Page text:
03/18/2013 06:15 pm ET Updated May 18, 2013

Leaning In, and Sometimes Falling Over the Edge

Kimberly N. "leaned in" to her career for years. As a vice president of a large charitable organization, she earned high praise and enjoyed her work. When Kimberley got pregnant, she negotiated a six-week maternity leave, and looked forward to resuming work. Things did not go according to plan. Kimberley's son was born with a life-threatening illness, and she needed flexibility from her employer while she navigated his care. They granted a few more weeks of unpaid leave, but refused to make any change in her work hours or location.

Immediately after she returned to work, Kimberley's new boss gave her a scathing performance evaluation. It was "night and day different," she said, from all prior reviews. "My new boss was so mean and cruel, it was making me physically sick," she told me. "He had lots of questions about the quality of my work and my ability to do the same amount of work... I was blindsided. Where did this come from? In my mind I had just given birth and was coping with a new reality. Coming back to work was ugly... I sucked it up and then quit."

The recent launch of Lean In: Women, Work and the Will to Lead by Facebook's Sheryl Sandberg ignited intense public debate about what hinders women's careers. Sandberg's main focus is on enabling women to overcome "internal" barriers: personal, individual choices and behaviors (shaped by social pressure) that hold many women back.

But, contrary to what some of her critics claim, Sandberg also recognizes that "external" barriers like discrimination and weak public policies hinder women's advancement. For some women facing these external barriers, leaning in can turn into falling over the edge. Kimberley, for example, felt she had no recourse when she quit her job under duress. She wound up in a lower-paid, more junior job with no benefits, but was laid off when the recession hit. Her savings dwindled, debts mounted, and Kimberley's family filed for bankruptcy.

Kimberly is far from alone. Millions of U.S. workers are suffering health, financial, and career harm from weak work-family policies.

I interviewed Kimberley and more than 60 other parents in 17 states about U.S. work-family policies for a 2011 Human Rights Watch report. Parents recounted how short and unpaid leave after childbirth or adoption contributed to delaying immunizations and health visits for babies, postpartum depression, and other health problems. During unpaid leave, many went into debt, and some resorted to welfare and bankruptcy. Many women described workplace bias leading to pay cuts, demotions, and even termination.

The federal Family and Medical Leave Act (known as the FMLA) enables U.S. workers with new children or family members with serious medical conditions to take unpaid leave, but about 40 percent of the workforce is not covered. Only California and New Jersey have paid family leave insurance programs, and a few states offer temporary disability payments after childbirth. In all other states, paid family leave is up to the whim of employers. According to the Bureau of Labor Statistics, only about 12 percent of the workforce has paid family leave benefits.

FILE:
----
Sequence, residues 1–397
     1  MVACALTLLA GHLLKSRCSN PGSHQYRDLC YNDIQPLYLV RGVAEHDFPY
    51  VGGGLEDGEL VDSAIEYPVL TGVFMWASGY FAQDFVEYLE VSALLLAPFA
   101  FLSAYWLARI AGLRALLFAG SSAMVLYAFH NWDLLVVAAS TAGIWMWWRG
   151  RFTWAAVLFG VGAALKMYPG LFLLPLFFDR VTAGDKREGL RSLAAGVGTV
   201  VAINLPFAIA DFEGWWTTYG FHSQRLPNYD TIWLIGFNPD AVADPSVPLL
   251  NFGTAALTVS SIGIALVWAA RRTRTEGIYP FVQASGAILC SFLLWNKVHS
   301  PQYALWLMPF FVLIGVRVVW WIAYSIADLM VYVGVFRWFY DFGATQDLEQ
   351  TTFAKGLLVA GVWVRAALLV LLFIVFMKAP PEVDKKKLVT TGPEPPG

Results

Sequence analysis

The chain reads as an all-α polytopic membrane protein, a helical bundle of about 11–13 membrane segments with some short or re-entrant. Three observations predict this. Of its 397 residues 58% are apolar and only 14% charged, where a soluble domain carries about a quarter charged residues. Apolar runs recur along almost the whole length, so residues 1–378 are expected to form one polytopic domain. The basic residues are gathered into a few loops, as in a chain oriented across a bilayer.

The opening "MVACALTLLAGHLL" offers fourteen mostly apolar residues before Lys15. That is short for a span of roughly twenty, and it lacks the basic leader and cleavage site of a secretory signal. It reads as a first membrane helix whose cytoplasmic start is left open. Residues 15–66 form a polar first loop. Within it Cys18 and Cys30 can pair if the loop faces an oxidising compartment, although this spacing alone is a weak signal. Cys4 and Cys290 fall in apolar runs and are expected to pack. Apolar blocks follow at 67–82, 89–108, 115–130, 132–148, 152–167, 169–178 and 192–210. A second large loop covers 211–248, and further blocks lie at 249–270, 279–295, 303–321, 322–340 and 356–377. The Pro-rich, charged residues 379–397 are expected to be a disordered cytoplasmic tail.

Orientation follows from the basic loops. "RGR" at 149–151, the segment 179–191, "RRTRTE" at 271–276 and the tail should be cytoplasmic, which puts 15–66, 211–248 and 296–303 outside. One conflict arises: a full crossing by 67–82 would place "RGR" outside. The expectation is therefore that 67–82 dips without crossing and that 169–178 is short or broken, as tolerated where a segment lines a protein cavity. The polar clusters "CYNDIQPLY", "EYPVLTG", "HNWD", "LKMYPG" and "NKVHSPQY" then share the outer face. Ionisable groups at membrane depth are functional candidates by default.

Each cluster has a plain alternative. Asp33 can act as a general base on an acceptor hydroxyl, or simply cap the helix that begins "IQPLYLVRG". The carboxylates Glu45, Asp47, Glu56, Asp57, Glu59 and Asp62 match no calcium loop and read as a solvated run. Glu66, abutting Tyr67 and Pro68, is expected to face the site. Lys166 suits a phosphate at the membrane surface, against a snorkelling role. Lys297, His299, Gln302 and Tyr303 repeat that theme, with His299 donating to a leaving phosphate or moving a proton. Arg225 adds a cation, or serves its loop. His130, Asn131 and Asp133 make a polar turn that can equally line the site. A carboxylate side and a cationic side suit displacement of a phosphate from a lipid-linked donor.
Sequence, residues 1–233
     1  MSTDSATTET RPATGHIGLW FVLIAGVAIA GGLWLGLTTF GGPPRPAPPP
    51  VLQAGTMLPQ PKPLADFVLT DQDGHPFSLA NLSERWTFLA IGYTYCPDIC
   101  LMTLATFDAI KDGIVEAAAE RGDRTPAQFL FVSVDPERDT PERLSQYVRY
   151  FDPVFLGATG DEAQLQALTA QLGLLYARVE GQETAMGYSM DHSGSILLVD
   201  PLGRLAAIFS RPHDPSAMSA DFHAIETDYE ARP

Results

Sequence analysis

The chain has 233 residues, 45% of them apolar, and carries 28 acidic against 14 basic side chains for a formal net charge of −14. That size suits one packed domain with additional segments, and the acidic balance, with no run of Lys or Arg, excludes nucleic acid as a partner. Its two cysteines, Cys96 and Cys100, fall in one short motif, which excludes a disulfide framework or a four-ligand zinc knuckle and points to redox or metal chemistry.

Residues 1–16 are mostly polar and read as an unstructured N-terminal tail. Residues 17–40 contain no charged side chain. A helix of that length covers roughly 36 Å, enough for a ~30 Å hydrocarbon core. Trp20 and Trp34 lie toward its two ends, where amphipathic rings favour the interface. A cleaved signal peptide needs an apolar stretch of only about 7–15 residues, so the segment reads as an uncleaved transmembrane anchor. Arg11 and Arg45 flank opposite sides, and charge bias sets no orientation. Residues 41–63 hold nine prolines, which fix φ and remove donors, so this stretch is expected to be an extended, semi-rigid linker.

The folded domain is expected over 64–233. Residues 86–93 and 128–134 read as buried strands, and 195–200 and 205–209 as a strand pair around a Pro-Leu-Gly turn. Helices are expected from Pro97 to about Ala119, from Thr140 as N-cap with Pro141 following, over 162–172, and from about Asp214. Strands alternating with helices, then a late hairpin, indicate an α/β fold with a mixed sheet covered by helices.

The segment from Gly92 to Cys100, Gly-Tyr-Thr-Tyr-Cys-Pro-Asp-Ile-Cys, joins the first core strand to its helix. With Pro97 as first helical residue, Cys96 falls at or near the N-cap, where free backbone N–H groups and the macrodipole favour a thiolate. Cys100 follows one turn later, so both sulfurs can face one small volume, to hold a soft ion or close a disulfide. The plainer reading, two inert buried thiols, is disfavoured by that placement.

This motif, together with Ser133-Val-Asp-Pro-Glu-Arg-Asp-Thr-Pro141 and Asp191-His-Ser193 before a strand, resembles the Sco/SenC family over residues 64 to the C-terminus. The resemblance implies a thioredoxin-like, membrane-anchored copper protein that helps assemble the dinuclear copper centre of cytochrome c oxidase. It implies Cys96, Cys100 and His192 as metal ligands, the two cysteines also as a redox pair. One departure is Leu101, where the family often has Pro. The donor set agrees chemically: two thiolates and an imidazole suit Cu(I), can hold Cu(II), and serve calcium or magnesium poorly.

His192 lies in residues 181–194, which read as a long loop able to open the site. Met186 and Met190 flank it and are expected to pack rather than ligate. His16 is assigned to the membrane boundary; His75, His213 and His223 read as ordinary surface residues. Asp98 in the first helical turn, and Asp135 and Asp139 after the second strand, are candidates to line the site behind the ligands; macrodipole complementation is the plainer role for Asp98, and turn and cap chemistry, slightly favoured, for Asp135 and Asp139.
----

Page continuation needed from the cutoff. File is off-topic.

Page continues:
Federal law does not explicitly prohibit discrimination on the basis of family caregiving, though workers can try to sue on other grounds when employers fire, demote, or make negative personnel decisions on this basis. Pregnancy discrimination has been illegal for decades, yet the number of pregnancy discrimination charges filed with the Equal Employment Opportunity Commission has increased dramatically over the past 15 years. The exact reasons are unclear, but there's no doubt discrimination because of pregnancy is a problem.

U.S. policies on workplace flexibility are also inadequate. Federal agencies tout flexibility as essential for the modern workforce, but no U.S. laws entitle workers to request flexible employment arrangements for work-family reasons.

Other countries and international treaties, on the other hand, have long recognized the need to support working families, and reap gains in economic competitiveness and productivity as a result. Every industrialized nation in the world -- except the United States -- guarantees paid leave for new mothers, and 81 countries do so for new fathers. Sandberg notes this, citing our report, and calls on the U.S. government to guarantee paid family leave. International labor treaties and the European Social Charter call for national policies on family responsibilities discrimination.

Moreover, the majority of high-income countries have statutes on flexible work arrangements. A 2012 survey of the UK's workplace flexibility law found that 96 percent of employer respondents offered flexible arrangements, and the vast majority said this improved staff retention, motivation, and engagement.

The U.S. has "a long way to go to make the workplace friendlier for parents," Kimberley told me. It's time for U.S. policymakers to "lean in" to enact sensible work-family laws.